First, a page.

Monday, November 14, 2016

The Adventurer's Guide to Successful Escapes (Wade Albert White)

The Adventurer's Guide to Successful Escapes
(The Adventurer's Guide series, Book 1)
Wade Albert White
Little, Brown Books
Fiction, YA Fantasy
**** (Good)


DESCRIPTION: After a life spent toiling in Saint Lupin's Institute for Perpetually Wicked and Hideously Unattractive Children, orphan Anne is finally on the brink of freedom. Like all orphans who turn thirteen, she's to be sent off on the supply ship after its annual visit, and even though her unknown parentage has kept her out of any of the academies or quests the other kids can look forward to, she'll at least be away from the horrible Matron and the coal mines - plus, she'll have her exuberant best friend Penelope with her. But a series of uncontrollable events lead to her getting a quest gauntlet stuck to her arm... a gauntlet that activates itself with a rare and powerful quest medallion. This has to violate any number of rules with the Wizards Council, but quests have their own rules, and Anne and her friends (plus a magical book of marginal usefulness) are stuck right in the thick of one. On the plus side, maybe she'll finally figure out where she came from before she was dumped at Saint Lupin's. On the minus side, there's a very high chance that she and the rest of the world will be utterly obliterated.

REVIEW: I needed a fun pick-me-up, and this fast-reading middle grade fantasy adventure fit the bill. Anne's world - composed of floating tiers of land around a gravitational nexus of raw magic - is a fantasy homage/send-up along the lines of Diana Wynne Jones's Dark Lord of Derkholm and The Tough Guide to Fantasyland, or the more recent Bad Unicorn by Platte F. Clarke, but with some technological twists along the way, not to mention hilarious asides from various in-world writings on everything from questing to dragons. Anne's a good-hearted heroine who works through problems with some help from Penelope (who becomes the Fighter of her Rightful Heir quest) and Hiro (the designated Wizard, whose spells have catastrophic side-effects), plus a few other allies she encounters along the way. It's also worth noting that Anne is black, which shouldn't be surprising in this day and age but which is still something of a rarity in fantasy. The story moves at a good clip, though now and again it felt rushed and jumbled even for a middle grade title, and several threads are left unresolved at the end as White teases future installments in this series of undetermined length. That was just enough irritation to knock off a half-star this book almost earned with some laugh-out-loud moments that approached Douglas Adams or Terry Pratchett in their hilarity. I had fun reading this one, and expect I'll explore future books if and when they appear.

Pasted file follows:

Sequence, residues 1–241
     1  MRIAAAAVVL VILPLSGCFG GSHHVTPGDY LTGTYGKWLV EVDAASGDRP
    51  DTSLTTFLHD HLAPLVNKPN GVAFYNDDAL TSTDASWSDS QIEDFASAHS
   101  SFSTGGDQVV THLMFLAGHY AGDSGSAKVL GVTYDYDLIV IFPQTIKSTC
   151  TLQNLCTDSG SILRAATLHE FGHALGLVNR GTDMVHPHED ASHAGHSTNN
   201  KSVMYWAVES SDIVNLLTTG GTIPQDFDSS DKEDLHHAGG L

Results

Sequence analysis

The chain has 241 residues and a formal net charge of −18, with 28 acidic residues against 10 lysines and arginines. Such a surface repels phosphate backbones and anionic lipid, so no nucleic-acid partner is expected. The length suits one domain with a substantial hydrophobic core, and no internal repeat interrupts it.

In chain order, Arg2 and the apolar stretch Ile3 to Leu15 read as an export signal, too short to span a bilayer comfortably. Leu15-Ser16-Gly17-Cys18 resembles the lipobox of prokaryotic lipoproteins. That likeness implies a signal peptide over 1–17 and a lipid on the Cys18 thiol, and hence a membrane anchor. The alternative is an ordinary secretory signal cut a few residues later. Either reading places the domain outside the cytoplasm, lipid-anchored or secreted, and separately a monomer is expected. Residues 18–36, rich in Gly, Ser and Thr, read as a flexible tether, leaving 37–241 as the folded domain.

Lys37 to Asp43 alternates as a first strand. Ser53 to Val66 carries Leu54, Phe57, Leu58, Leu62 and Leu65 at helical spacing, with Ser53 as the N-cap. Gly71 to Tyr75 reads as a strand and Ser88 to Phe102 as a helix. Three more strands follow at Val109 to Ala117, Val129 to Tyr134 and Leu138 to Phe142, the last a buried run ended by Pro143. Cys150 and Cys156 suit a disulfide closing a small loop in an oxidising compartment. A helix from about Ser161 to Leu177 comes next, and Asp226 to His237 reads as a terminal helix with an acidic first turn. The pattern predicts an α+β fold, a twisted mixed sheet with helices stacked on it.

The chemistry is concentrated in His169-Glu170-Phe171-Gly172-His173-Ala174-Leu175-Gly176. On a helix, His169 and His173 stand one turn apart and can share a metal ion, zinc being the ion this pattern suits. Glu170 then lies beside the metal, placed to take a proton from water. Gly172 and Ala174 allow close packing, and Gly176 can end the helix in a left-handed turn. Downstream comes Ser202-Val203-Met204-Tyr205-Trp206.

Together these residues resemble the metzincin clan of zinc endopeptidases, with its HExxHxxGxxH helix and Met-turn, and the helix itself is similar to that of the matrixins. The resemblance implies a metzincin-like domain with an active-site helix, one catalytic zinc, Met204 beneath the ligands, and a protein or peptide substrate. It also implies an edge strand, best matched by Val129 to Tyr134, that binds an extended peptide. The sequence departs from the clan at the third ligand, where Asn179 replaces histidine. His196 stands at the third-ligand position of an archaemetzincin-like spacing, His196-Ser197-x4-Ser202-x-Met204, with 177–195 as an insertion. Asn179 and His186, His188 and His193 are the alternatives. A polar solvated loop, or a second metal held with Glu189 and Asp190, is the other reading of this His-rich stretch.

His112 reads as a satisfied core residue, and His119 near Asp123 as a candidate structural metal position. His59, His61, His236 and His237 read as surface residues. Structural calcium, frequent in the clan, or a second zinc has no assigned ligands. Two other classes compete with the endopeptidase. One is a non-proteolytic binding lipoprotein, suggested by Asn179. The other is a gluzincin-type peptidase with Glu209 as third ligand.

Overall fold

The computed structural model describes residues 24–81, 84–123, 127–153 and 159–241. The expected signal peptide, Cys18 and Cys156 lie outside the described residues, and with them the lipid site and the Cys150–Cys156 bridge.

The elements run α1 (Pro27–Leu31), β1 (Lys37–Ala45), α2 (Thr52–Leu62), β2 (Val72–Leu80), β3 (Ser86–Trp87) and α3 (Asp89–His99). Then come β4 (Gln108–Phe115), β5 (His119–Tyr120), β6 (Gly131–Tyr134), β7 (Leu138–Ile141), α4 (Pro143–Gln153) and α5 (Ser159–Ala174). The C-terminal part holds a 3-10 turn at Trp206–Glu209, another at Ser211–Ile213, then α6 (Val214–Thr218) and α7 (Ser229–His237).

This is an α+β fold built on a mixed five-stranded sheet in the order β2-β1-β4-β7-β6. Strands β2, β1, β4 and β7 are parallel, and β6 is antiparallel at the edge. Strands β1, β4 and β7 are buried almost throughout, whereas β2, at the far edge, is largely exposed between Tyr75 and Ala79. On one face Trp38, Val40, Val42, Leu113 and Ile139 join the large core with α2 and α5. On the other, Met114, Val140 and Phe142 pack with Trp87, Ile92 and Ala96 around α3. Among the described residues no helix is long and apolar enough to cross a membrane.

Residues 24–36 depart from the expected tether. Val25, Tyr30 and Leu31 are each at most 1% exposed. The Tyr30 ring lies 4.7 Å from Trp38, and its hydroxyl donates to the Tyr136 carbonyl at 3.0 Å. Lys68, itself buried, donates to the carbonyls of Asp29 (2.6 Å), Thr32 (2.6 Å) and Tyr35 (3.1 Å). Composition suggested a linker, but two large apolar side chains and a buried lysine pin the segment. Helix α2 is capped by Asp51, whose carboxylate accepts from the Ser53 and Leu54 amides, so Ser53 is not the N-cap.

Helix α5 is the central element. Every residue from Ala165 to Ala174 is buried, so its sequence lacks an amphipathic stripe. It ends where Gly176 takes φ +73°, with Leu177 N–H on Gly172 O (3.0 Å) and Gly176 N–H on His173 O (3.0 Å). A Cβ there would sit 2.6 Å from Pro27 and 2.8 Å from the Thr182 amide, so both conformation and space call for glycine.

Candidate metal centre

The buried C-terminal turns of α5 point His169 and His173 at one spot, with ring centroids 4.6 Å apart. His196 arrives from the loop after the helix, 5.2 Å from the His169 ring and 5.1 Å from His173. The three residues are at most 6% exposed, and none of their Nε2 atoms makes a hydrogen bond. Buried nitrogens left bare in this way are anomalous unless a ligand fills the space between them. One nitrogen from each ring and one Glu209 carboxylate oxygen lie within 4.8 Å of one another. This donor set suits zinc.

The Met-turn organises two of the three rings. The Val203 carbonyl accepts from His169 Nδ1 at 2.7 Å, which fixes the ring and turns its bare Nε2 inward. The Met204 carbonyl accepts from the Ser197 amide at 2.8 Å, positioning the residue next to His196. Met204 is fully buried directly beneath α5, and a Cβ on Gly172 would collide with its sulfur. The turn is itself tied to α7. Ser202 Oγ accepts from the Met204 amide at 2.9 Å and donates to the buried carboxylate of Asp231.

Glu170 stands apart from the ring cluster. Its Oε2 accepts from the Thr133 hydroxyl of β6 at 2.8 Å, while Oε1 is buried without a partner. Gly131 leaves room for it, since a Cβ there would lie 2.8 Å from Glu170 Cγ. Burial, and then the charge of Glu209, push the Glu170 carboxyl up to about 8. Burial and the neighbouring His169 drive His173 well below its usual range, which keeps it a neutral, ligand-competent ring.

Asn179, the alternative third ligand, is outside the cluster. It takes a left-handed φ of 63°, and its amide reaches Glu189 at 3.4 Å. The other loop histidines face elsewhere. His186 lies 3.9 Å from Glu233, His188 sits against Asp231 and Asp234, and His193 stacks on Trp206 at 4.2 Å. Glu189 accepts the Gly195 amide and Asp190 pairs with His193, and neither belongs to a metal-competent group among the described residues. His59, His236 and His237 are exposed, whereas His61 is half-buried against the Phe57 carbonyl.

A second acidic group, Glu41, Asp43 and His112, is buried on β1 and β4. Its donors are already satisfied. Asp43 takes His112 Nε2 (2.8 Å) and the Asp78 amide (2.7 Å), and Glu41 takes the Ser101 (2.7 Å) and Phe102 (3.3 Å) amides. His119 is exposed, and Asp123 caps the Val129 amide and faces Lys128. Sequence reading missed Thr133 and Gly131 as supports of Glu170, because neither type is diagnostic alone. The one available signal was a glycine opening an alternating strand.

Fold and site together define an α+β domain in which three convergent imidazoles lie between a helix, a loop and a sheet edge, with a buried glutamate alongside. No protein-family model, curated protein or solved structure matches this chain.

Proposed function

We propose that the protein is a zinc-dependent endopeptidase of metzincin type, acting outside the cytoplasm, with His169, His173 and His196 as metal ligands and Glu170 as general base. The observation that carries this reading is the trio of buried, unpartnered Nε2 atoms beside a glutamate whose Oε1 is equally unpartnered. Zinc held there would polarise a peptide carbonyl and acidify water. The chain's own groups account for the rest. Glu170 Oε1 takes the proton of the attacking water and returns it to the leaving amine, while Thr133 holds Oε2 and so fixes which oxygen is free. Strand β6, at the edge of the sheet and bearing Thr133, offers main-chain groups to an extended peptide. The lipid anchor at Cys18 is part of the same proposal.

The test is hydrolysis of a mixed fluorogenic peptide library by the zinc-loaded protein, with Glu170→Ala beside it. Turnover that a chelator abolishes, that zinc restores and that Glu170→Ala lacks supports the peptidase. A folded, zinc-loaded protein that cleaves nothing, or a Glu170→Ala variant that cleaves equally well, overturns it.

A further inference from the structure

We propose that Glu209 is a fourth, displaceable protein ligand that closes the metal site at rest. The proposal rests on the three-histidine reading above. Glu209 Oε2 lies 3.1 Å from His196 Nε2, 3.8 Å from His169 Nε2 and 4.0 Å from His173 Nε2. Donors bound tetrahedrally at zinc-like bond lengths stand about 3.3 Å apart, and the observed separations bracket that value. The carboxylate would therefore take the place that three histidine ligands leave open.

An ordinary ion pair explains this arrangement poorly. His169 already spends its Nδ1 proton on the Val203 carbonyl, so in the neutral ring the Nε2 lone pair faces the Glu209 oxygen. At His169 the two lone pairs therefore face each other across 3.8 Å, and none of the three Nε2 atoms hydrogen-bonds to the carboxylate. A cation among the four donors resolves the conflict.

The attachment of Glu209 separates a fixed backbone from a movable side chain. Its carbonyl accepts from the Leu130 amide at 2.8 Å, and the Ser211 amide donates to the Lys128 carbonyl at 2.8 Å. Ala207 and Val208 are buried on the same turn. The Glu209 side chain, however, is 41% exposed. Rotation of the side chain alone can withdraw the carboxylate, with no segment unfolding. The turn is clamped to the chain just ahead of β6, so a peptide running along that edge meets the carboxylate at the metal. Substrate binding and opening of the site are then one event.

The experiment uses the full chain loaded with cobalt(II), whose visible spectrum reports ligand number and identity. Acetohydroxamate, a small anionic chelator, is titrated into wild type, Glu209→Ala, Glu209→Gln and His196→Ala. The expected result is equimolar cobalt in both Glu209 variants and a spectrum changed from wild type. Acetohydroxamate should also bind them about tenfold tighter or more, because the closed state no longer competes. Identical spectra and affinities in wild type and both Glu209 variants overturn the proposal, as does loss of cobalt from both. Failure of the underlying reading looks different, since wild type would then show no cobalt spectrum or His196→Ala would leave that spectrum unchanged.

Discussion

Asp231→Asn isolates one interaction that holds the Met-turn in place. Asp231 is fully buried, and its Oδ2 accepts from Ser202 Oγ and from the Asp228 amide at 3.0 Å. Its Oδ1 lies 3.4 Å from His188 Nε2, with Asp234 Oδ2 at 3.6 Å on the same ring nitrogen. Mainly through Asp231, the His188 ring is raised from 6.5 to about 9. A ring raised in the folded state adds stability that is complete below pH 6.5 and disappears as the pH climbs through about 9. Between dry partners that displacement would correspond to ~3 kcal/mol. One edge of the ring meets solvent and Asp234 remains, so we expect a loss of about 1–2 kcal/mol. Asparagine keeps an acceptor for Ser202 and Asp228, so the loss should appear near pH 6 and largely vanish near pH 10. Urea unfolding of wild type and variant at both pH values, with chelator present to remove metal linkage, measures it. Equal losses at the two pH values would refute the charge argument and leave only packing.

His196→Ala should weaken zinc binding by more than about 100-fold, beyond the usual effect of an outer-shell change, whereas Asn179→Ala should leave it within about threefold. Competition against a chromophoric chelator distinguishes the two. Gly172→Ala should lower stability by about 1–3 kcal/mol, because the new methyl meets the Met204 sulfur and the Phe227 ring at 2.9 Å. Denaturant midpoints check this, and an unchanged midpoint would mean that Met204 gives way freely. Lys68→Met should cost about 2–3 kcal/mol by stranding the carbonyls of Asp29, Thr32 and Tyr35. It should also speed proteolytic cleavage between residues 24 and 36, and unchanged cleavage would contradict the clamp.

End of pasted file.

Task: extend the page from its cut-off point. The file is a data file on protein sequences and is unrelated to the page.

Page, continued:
You Might Also Enjoy:
Bad Unicorn (Platte F. Clarke) - My Review
Dark Lord of Derkholm (Diana Wynne Jones) - My Review
Princeless (Jeremy Whitley) - My Review

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